Part of the answer to this question what can a wizard do without a spellbook got me wondering. It states that you, as a wizard, can't cast a ritual spell without your spellbook.

And I can't help question whether that is true?

Because the rules doesn't actually seem to state that explicitly.

Let's look at the rules for rituals in the PHB.

PHB pg.202

The caster must also have the spell prepared or on his or hers list of spells known, unless the character's ritual feature specifies otherwise, as the wizard does.

So while those rules doesn't require a spellbook, they do single out the wizard's ritual feature.

So what does the wizard ritual feature say?

PHB pg. 114

You can cast a wizard spell as a ritual if that spell has the ritual tag and you have the spell in your spellbook. You don't need to have the spell prepared

Now while the rules mention a spellbook, they don't actually state that you need to use it during the ritual casting. Just that the spell already needs to be inscribed in the spellbook. Like how the general rules for rituals state that a spell needs to be on the caster's list of known spells.

And if you look at the wording, it it is very similar to other wizard features that require you to have the spell in your spellbook but doesn't require you to access your spellbook while casting.

For example, the Spell Mastery feature:

PHB. pg. 115.

Choose a 1st-level wizard spell and a 2nd-level wizard spell that are in your spellbook. You can cast those spells at their lowest level without expending a spell slot when you have them prepared.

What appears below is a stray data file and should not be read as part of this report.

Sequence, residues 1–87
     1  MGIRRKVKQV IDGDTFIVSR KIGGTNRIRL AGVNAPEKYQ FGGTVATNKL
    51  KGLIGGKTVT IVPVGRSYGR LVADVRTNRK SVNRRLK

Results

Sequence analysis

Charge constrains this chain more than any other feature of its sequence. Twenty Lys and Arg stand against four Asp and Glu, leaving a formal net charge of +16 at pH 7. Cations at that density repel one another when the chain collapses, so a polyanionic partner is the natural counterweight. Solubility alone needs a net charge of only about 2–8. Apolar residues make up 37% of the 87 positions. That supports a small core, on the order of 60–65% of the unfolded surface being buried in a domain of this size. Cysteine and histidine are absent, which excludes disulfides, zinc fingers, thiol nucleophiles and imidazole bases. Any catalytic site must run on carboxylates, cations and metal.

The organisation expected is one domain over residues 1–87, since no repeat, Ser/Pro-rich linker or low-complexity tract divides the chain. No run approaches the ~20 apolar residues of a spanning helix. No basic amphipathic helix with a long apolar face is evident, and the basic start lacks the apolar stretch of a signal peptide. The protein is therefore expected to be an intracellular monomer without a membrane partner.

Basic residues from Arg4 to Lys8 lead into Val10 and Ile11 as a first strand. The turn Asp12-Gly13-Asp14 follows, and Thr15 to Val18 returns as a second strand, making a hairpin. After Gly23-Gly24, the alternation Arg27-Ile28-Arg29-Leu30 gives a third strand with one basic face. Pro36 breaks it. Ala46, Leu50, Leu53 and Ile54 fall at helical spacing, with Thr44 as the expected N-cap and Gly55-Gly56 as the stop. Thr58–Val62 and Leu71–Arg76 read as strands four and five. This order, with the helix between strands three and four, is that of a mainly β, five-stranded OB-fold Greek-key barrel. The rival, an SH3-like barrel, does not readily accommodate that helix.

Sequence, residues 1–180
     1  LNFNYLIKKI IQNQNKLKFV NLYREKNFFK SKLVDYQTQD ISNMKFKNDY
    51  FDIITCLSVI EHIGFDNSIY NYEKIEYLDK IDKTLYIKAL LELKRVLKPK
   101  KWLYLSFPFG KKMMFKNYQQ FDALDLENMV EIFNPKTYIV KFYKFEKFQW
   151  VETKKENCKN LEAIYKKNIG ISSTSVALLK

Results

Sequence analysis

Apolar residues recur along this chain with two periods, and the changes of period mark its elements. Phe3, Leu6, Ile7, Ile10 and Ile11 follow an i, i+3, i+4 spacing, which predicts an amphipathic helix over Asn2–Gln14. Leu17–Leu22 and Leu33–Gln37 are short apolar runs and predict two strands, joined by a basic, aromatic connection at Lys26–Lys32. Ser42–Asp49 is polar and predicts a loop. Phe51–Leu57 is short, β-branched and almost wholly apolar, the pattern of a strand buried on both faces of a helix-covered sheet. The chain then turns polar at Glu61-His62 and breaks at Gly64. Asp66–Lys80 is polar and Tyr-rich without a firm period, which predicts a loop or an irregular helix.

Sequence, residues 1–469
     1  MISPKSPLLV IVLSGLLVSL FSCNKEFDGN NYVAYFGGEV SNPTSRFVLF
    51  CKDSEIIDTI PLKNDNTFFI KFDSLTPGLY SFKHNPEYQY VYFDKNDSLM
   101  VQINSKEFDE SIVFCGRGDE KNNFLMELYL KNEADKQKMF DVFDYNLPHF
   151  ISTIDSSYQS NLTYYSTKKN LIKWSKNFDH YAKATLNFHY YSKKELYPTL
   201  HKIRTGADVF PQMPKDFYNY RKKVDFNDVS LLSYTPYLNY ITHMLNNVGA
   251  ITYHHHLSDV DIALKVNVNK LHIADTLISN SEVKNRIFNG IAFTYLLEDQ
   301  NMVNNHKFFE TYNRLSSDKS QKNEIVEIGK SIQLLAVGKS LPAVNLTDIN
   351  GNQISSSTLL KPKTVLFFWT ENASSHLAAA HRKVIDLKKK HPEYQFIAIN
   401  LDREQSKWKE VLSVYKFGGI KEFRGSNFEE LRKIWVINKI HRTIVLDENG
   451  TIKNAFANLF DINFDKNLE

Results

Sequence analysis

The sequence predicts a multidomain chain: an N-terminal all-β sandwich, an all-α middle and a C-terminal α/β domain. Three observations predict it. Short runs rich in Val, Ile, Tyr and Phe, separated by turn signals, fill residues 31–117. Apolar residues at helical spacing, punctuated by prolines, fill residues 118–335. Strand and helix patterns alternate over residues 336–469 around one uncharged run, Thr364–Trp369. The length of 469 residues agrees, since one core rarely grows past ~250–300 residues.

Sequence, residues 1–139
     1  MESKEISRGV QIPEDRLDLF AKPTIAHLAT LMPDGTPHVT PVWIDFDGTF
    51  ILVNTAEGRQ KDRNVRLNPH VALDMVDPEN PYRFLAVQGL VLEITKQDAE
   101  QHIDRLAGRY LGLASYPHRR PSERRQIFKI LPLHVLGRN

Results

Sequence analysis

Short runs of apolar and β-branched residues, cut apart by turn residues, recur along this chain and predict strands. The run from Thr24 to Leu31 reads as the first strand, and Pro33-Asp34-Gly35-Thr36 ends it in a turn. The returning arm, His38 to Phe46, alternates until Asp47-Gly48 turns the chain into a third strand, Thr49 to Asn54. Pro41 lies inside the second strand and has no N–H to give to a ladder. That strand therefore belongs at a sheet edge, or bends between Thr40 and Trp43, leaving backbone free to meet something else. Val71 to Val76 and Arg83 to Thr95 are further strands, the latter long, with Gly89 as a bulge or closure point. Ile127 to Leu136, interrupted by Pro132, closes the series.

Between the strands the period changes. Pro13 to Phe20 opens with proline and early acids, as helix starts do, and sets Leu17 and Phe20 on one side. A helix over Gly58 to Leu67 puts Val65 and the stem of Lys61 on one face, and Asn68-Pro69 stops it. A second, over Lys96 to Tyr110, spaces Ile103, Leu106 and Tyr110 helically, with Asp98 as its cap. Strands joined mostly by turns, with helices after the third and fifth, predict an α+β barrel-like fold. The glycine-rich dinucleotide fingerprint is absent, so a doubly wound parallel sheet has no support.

or the Signature spell feature:

PHB: pg. 115.

Choose two 3rd-level spells in your spellbook as your signature spells.

In both examples the rules seem to treat the spellbook as a reference to the spells known by the wizard, identically to the known spell list other caster classes use. And not as a physical thing the wizard is actually accessing at that moment to use those features.

Then compare it to the Arcane Recovery feature that explicitly states that you need to be using the spellbook for that feature to work.

PHB. pg. 115

You have learned to regain some of your magical energy by studying your spellbook.

There the rule explicitly states that the wizard must be using ("studying") the actual physical spellbook for the feature to work.

So by comparing the RAW for rituals in general and the different wizard features there doesn't seem to be anything that says that a wizard needs to be using the actual physical spellbook while casting a spell as a ritual. And while, from a certain logical and thematic viewpoint, it makes sense for a wizard to read from the spellbook while performing a ritual, nothing in the RAW seem to require it.

So can a Wizard cast a spell as a ritual without physically accessing a spellbook? And is there an official ruling, either way?